How we change what others think, feel, believe and do
The ChangingMinds Blog!
I was walking to work this morning and noticing how, as we walk along we are in a non-stop series of negotiations with other people as we somehow manage to navigate the rush-hour throng without constantly bumping into other people.
Consider how you avoid another pedestrian. From a collision course, each person signals their intent by either turning slightly or maybe not turning ('I expect you to get out of my way!'). If both turn then another collision may be imminent so both may turn again or wait for the other. If I see a collision coming I often stop dead and let the other person figure out what to do to get around me. I've never had
The same pattern applies to crossing the road, albeit more hazardously. I see a car coming, the car sees me stepping off the pavement, and somehow we manage to miss one another. This is particularly true in London where I often walk. In other places it seems as if the pedestrian is expected to get out of the way, running and diving as necessary, but in London the taxis and other professional drivers stay relaxed and pedestrians don't worry too much about being run over as they cross the road.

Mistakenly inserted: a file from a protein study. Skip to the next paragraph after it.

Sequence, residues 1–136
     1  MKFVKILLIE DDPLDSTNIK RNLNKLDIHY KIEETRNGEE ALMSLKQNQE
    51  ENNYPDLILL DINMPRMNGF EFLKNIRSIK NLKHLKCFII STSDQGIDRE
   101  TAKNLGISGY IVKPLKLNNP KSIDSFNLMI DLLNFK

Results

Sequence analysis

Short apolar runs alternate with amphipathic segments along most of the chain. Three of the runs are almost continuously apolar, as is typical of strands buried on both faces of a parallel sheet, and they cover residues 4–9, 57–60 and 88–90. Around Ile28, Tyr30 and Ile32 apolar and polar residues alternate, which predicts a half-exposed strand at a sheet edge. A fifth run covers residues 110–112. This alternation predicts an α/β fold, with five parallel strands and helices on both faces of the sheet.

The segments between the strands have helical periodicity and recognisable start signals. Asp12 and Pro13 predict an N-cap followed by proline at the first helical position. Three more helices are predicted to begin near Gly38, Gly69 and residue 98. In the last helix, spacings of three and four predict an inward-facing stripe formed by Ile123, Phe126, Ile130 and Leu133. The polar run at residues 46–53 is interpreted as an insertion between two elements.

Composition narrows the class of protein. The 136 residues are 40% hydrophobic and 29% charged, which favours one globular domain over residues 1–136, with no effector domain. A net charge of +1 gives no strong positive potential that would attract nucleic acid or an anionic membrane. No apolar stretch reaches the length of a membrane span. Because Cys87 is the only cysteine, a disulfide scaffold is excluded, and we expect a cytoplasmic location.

This pattern continues into other areas of life. How often, for example do you silently negotiate in conversations about who speaks when? Issues of power, fairness and need are resolved through action rather than explicit discussion.
As a general persuasion point this is worthy of reflection. If you can consciously navigate what are normally subconscious negotiations then you can become a lot more successful at changing minds
Wow! A mind I can relate to. I live in the US and have noticed these
types of rules change from state to state. I have been to 5 different countries
and have noticed how people "negotiate" the sideways and roadways. My intention
thus far has been to observe and learn, for more survival motives. However, I
haven't made this correlation between this observation and how we verbally
negotiate our way in the world. This insight on your part will help me as I am
always working on how I relate to the world and people. Thanks, Dave
And the big